Wednesday, March 30, 2011
As psychological research has shown, how we stand, move and gesture can drive your thoughts and feelings and boost your presentation performance.
1. Pose for power
If you want to feel more powerful then adopt a powerful posture. When people stand or sit in a powerful poses for one minute, (open limbs and expansive gestures) they not only felt more powerful but they also increased the levels of testosterone in their systems. Powerful posturing menas taking up more space, so spread your stance, expand your body and open up the arms or legs. When you dominate the space, your mind also gets the message that you have taken charge.
2. Tension increases willpower
Tensing your muscles can help increase your willpower. When people firm up their muscles they are better able to withstand pain, resist tempting food, take an unpleasant medicine and pay attention to disturbing information. So, if you need to increase your willpower, tense your muscles. It should help.
3. Cross arms for persistence
If you're stuck on a problem which needs persistence then try crossing your arms. Participants in psychological tests did just that and found they worked longer at a set of difficult anagrams. In fact about twice as long and their persistence led to more correct solutions.
4. Lie down for insight
If crossing your arms doesn't work then try lying down. When anagram solvers lie down, they solved problems faster. Since anagrams are a type of insight problem, lying down may help you reach creative solutions.
5. Napping aids performance
While you're lying down and gaining insight, why not have a nap? Napping performs a number of functions. If you nap too long, you may suffer from sleep inertia: the feeling of being drowsy for an extended period. But if your nap is too short you will not gain any benefit. You may need to experiment a little to find the ideal time.
Researchers compared 5, 10, 20 and 30 minute naps to find the best length. For increased cognitive performance, vigour and wakefulness, the best naps were 10 minutes long. Benefits were seen immediately after 10 minute naps but after longer naps it took longer to wake up. Five minute naps only provided half the benefit, but were better than nothing.
6. Gesture freely for persuasion
The way people's hands move and cut through the air while they talk is fascinating but it's more than just a by-product of communication. Hand-gestures help increase the power of a persuasive message when compared to no use of gesture. Most effective are gestures which make what you are saying more understandable. For example, when referring to the past, point behind you and for the future point ahead!
7. Gesture freely for understanding
Gestures aren't only helpful for persuading others, they also help us think. In a study of children, it was found that children who were encouraged to gesture while learning, retained more of what they learnt. Moving our hands may help us learn; more generally we actually seem to think with our hands.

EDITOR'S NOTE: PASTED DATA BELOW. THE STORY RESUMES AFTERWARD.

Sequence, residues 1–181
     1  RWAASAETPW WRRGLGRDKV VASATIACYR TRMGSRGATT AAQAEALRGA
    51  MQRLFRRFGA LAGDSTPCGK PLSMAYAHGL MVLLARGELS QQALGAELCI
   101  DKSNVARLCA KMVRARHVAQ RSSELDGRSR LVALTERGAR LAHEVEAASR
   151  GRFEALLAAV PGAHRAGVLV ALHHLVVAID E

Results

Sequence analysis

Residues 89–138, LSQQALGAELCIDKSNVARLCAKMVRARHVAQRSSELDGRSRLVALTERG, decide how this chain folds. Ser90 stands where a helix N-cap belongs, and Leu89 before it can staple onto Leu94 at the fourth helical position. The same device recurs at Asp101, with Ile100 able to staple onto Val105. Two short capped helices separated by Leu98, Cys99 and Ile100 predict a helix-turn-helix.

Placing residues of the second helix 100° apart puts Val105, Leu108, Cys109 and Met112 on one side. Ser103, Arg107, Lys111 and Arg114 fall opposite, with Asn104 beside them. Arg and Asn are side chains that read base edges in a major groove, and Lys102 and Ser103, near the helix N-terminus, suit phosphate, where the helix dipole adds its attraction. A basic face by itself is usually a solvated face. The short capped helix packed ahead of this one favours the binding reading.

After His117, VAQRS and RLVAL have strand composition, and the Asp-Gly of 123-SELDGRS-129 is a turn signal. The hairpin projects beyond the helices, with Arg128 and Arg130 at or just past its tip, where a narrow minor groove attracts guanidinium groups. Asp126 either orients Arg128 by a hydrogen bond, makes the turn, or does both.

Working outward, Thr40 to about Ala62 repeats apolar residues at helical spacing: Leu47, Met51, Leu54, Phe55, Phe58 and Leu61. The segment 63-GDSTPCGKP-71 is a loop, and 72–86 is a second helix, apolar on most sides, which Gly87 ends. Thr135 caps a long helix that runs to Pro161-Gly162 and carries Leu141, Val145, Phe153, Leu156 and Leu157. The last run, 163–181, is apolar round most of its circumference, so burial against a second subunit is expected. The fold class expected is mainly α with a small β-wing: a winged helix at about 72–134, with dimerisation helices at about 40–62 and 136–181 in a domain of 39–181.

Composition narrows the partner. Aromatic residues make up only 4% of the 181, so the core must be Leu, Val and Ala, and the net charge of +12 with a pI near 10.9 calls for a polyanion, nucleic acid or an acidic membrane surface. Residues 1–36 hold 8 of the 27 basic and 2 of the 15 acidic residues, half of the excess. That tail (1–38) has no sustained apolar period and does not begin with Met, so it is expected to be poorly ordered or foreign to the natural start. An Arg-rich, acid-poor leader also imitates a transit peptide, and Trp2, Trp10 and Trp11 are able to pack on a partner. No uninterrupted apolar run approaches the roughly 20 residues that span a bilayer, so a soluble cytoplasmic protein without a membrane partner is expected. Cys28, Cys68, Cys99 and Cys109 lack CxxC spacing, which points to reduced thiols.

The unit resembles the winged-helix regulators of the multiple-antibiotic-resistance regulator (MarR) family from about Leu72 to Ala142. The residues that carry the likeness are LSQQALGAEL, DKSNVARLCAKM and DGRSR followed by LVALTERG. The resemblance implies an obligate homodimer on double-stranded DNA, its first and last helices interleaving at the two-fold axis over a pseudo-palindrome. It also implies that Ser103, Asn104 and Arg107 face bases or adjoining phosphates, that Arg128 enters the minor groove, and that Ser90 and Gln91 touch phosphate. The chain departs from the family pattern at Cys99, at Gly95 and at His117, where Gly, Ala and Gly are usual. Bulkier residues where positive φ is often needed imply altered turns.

8. Smile for happiness
The very act of smiling can make you feel happier, whether it's justified or not. Research participants holding pens in their mouths could either use the pens to activate the muscles responsible for smiling, or not. Those whose smiling muscles were activated, rated cartoons as funnier than others whose smiling muscles weren't activated by the pen in their mouth. So, forcing a smile really does make us see the world in a better light.
9. Mimic to empathise
If you want to get inside someone's head, you can try mirroring or copying their behaviour. Those who are good at empathising do it automatically: copying accent, posture, expressions and so on. If you can copy it, you will feel it yourself and then you'll get a hint of what others are feeling. It's what actors have known for years: mimicry is a great way of simulating others' emotional states.
10. Mirror to comprehend
The idea that mirroring or copying helps us understand others, works for thought as well as emotion. In an experiment, participants found it easier to decipher an unfamiliar accent if they tried to imitate it themselves. Some psychologists go further, claiming that imitating others helps us predict what they are going to do.
Many of these topics support a theory about human life (and indeed all life) called 'embodied cognition'. The idea is that we don't just think with our minds, we also reflect what we are thinking with our bodies. Our mind isn't a brain in a jar, it is connected to a body which moves around in an environment.
As life becomes increasingly virtual, played out on screens of varying sizes, we need reminding that the connection between mind and body is two-way. Human intelligence is more than abstract processing power; it's about the interaction between mind, body and the world around us.
Tuesday, March 29, 2011